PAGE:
Why Use The ExchangeOnlineManagement Module

28 Nov 2019

Introduction

Microsoft recently announced a new PowerShell module written by the Exchange team for management of Exchange Online. This is the first time that the Exchange team has published their module on the PowerShell Gallery. For the purpose of this article I will be using Get-Mailbox as the main focus.

Changes to my workflow

Due to my job as an Office 365 Technical Architect I find myself connecting to Exchange Online PowerShell regularly, previously this was done with 3 or 4 lines of code, which I made into a function with the name Connect-ExchangeOnline - it looked like this.

function Connect-ExchangeOnline {
    param (
        [System.Management.Automation.PSCredential]$office365Credential
    )
    $exchangeSession = New-PSSession -ConfigurationName Microsoft.Exchange -ConnectionUri "https://outlook.office365.com/powershell-liveid/" -Credential $office365Credential -Authentication "Basic" -AllowRedirection
    Import-PSSession $exchangeSession -DisableNameChecking
}

This was both a positive and a negative thing as the new module also uses the cmdlet Connect-ExchangeOnline for the initial connection. The biggest benefit of the new module is that instead of needing to download a module from the Exchange Control Panel for MFA this is all baked into the new module, this was not something that my profile originally allowed for so this was immediately an improvement for me.

Differences

There are some major differences to get used to with the new module, they are mainly new cmdlets that are faster than the old ones. These are mentioned when you run the connect cmdlet, the old cmdlets are also available once you have connected.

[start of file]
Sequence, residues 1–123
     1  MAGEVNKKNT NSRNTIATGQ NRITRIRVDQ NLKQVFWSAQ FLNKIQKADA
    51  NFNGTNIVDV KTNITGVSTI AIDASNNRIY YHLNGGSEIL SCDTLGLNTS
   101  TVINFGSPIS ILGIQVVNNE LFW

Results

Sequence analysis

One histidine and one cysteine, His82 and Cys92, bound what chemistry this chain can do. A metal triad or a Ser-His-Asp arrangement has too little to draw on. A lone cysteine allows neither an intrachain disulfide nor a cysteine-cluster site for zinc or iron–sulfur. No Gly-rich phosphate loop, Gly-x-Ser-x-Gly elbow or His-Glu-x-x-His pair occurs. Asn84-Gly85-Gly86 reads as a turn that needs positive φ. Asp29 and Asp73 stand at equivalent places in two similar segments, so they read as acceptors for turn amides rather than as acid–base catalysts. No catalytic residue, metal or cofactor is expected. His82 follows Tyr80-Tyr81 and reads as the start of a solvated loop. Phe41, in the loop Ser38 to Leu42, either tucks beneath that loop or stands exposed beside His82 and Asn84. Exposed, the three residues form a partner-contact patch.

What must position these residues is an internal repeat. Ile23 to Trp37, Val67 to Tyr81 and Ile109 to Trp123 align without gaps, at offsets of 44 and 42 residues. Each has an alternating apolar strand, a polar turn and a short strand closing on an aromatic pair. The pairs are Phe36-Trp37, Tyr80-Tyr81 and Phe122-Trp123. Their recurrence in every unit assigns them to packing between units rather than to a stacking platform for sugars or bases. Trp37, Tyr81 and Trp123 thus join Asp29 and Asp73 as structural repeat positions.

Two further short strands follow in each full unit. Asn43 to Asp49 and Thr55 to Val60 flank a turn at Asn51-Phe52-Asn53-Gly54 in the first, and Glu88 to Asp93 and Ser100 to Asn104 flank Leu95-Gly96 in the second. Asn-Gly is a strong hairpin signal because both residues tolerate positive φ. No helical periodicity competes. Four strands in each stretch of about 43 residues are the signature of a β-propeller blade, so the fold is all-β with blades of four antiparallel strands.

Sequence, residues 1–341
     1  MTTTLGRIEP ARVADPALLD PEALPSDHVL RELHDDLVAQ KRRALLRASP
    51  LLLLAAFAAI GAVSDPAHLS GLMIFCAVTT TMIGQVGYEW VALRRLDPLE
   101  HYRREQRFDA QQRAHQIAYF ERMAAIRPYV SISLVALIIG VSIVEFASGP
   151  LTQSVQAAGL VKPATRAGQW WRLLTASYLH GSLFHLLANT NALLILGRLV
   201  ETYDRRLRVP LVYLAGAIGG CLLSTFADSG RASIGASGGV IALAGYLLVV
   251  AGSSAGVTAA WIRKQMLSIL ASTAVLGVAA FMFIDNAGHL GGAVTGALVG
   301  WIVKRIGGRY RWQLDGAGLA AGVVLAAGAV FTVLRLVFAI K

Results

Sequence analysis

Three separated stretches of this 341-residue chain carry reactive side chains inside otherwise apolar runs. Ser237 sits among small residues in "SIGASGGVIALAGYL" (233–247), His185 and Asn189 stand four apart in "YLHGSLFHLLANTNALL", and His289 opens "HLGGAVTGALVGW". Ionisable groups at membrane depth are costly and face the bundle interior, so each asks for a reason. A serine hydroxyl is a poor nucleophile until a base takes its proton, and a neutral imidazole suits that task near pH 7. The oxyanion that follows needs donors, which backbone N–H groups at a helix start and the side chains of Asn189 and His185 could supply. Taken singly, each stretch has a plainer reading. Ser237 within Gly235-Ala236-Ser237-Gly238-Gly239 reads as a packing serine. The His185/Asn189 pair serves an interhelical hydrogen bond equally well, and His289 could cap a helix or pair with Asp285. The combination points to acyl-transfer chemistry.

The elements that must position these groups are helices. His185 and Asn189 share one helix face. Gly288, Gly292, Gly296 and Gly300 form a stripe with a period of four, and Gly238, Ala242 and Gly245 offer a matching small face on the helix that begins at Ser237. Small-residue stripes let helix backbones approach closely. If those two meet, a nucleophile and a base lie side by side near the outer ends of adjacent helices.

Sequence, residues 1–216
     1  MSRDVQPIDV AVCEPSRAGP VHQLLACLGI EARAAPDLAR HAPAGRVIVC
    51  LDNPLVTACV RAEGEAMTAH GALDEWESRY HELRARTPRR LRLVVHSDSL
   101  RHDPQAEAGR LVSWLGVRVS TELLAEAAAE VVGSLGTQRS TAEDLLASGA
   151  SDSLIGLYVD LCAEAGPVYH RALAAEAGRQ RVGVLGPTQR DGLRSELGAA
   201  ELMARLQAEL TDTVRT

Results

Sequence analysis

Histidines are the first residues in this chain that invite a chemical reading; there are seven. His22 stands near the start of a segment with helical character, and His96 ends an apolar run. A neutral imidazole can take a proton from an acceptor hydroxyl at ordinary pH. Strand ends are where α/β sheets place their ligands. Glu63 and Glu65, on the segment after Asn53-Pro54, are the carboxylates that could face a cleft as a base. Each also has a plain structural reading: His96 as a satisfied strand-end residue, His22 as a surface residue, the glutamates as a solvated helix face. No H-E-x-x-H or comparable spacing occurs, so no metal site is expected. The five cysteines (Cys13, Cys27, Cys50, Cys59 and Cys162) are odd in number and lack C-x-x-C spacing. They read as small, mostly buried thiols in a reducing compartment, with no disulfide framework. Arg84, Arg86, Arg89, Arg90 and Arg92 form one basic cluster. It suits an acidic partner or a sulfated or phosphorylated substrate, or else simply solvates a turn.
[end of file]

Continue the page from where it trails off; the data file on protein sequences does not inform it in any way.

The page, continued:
New commands

Fortunately backwards compatibility is retained and so scripts using Get-Mailbox (and other updated commands) will still work. When calling the new command Get-EXOMailbox we find that it outputs less properties by default. The default output properties are:

If you need more than this then you can use the Properties argument or the PropertySets argument and specify what extra properties/sets you would like. Another major change is that the Identity parameter is required when looking for an individual mailbox, much like other modules for managing an Office 365 environment. This can be majorly frustrating especially if you are used to not needing it, however you get used to it the more you use it.

Due to being a REST based command the initial query of a set of objects can have a slight delay, this is due to several factors and is not particularly noticed over a large dataset but can be very obvious over small datasets. This is caused mainly by paging of the data and RBAC evaluation.

Conclusion

Not all the changes in the new module are good, however in my opinion the good hugely outweighs the bad. My recommendation if you haven’t tried it is to install it following these instructions and give it a go. As the team expand upon the commands using the REST api this will get more powerful, and eventually the Exchange Team will enable access to the API through Graph.

Make sure you send any feedback on the module to exocmdletpreview@service.microsoft.com so that it can improved and grown upon.